How about the argument that making a diagnosis of ADHD absolves families of responsibility for the child’s behaviour, so that they don’t need to discipline them as it’s not their fault? Some families do interpret the diagnosis in this way and it is very frustrating. Yes, the family will not have caused the problem, but they need to continue to impose boundaries and consequences on their children, with the help from professionals as necessary, and if they simply give up because he has ‘a condition’ they are letting the child down, just as a family whose child has diabetes would be if they refused to follow dietary advice. But the point here is that this response is a mistake and no reason to reject the idea of ADHD as a diagnosis.
It’s argued that we shouldn’t expose thousands of children to side-effects. But if the benefits outweigh the risks for one child, why not for ten? You may ask who makes this judgment of benefit vs risk; I would answer parents, doctors, and young people, together.
So I don’t buy the standard critique. However, there are some better arguments:
Firstly, you dilute the effect of the diagnosis: if one in 10 children have ADHD, 3 per class, it becomes difficult to distinguish those who need a little re-focusing from those who need near-constant attention.
We might, by ascribing behaviour to ADHD, miss an important factor such as domestic violence, language delay or anxiety. This can, in my experience, be one of the most serious consequences of being too quick to diagnose ADHD; stories from the US of patients diagnosed after a 20 minute consultation chill my blood.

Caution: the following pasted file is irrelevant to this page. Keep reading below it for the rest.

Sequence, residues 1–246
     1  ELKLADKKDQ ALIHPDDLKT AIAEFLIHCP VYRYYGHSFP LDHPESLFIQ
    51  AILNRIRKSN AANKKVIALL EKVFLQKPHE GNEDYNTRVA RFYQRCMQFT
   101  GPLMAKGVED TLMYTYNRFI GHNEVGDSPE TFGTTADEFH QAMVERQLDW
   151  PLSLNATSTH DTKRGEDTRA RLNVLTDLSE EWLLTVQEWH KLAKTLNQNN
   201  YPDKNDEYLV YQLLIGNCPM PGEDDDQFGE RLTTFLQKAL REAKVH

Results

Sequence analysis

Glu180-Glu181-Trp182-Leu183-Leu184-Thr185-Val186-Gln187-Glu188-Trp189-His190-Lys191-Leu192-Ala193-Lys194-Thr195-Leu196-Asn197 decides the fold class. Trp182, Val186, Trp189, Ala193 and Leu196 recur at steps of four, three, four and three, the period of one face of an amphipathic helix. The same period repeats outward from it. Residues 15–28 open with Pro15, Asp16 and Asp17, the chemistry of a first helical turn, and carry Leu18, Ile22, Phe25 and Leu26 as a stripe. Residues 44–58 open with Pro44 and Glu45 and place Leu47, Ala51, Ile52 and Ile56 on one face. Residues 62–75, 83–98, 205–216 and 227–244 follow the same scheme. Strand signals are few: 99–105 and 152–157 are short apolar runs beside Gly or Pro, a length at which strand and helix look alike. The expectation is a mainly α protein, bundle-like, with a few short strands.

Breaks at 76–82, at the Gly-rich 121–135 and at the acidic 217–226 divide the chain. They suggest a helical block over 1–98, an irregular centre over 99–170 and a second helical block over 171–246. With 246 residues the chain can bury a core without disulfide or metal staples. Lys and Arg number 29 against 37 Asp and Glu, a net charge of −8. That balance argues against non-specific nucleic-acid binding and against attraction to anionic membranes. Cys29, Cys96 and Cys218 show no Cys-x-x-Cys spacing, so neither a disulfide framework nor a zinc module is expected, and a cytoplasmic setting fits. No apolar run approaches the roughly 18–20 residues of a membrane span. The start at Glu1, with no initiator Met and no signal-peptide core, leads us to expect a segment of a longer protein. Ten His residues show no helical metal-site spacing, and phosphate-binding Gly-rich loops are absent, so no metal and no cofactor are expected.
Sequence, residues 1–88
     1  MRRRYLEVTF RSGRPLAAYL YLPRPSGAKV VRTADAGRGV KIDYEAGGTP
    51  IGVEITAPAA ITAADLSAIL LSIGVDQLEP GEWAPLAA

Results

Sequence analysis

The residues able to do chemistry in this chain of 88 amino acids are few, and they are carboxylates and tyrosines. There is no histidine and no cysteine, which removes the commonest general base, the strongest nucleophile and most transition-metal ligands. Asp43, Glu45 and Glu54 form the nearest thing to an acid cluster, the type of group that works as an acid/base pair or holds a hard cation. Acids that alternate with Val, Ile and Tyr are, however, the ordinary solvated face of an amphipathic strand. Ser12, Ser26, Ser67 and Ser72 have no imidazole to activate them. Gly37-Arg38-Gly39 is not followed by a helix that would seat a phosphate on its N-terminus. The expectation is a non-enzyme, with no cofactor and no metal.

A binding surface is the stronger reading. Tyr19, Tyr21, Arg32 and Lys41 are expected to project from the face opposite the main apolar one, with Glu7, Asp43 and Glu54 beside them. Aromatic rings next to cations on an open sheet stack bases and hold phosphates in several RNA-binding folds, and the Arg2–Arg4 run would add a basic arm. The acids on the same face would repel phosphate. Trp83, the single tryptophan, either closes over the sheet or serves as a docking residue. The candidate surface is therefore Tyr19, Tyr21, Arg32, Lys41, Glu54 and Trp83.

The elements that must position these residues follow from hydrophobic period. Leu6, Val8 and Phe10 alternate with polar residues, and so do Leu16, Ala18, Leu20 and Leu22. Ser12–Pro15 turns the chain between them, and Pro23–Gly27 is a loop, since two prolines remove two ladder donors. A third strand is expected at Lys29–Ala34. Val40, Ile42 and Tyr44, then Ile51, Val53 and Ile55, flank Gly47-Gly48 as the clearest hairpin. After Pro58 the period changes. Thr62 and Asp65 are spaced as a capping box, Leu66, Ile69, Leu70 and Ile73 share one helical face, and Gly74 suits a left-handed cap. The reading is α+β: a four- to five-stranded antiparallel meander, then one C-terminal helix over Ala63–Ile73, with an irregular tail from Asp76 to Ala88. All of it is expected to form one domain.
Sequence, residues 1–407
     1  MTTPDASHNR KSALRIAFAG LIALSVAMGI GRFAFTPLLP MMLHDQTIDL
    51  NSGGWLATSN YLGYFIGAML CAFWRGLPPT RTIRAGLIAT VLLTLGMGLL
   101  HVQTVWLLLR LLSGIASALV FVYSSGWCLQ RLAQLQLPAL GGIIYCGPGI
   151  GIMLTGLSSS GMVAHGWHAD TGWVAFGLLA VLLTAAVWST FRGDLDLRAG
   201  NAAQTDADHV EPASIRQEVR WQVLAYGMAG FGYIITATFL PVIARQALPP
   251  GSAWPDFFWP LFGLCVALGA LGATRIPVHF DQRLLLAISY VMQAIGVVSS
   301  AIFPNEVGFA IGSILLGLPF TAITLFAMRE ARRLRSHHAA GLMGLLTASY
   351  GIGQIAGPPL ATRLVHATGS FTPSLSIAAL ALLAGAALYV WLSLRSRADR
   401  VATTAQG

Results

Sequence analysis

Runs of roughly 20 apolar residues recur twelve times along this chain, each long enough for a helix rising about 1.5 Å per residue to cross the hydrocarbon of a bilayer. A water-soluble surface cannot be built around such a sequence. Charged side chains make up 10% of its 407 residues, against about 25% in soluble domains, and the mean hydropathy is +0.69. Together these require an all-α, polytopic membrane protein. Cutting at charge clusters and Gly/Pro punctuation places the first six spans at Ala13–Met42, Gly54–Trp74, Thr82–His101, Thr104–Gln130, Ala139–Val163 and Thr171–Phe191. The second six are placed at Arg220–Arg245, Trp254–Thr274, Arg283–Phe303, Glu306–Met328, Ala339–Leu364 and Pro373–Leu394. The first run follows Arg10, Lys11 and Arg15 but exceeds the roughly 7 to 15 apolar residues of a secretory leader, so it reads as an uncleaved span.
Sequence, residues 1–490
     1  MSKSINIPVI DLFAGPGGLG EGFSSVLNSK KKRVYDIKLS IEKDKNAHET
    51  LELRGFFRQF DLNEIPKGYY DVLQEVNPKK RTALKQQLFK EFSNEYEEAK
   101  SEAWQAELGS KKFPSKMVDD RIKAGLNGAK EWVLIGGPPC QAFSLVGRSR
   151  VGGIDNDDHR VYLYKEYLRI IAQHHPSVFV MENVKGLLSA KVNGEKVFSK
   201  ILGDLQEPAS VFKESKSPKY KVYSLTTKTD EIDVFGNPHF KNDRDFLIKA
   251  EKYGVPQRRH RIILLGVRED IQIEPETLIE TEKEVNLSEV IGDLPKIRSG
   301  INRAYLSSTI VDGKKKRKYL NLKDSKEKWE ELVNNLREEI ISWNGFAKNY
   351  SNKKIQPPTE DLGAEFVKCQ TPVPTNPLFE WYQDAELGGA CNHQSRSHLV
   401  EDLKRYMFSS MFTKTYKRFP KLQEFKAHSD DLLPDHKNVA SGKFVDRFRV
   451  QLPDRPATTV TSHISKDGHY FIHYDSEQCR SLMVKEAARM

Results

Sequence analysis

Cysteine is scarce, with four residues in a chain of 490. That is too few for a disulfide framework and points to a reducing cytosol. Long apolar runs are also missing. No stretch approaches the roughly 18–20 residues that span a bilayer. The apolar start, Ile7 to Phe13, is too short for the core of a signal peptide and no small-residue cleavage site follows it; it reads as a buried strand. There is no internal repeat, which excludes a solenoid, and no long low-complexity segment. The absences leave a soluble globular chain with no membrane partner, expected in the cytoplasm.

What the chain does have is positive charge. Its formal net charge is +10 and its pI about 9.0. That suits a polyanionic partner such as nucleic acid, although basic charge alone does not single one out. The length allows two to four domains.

It is often argued that we ought not to give families an ‘easy way out’ with drugs, when they can do so much themselves in terms of parenting, diet and lifestyle. For my 2% cohort, this argument is hogwash- they often need all the help they can get, and their lives are never easy.
But I can see the argument having more traction in a 10% ADHD world, as at the milder end they could mostly do OK without medication (although they may do even better with meds). This raises the interesting question of whether we should aim for ‘best’ function or ‘good enough’; one for another time.
Finally, increasing the diagnosis rate would swamp our service, and the mental health service, leading to long waits and sub-optimal care. The drugs bill would be collosal, and this money is probably better spent on making schools more ADHD friendly, and opening up access to parenting classes (in fairness, the latter is already happening).

So yes, there are potential harms in over-diagnosing ADHD, but they might not be the ones that those arguing against increasing diagnosis rates are thinking of.

Why does this matter? Well, I wanted to build an robust argument for not broadening diagnostic boundaries, as DSM-V seems to intend. And because I think that we will need it in the next few years to stop the UK drifting towards the US model for ADHD.

So how do we keep diagnosis rates at a reasonable level? I’m going to be a bit didactic for the sake of brevity. Apologies if it makes me seem a bit of an arse. Please feel free to disagree.

1. Start with an open mind
I slightly wince when services set up ADHD diagnostic clinics; doctors sometimes forget that we are as prone to cognitive bias as anyone else, and seeing a patient who may have ADHD in an ‘ADHD clinic’ seems a good way of ensuring over-diagnosis. I’m a bit of a purist about this- I won’t allow ADHD-specific questionnaires to be completed until we’ve had a chance to see the child- some schools and some parents are keen enough on the diagnosis already,  without allowing them to present it to us as a fait accompli!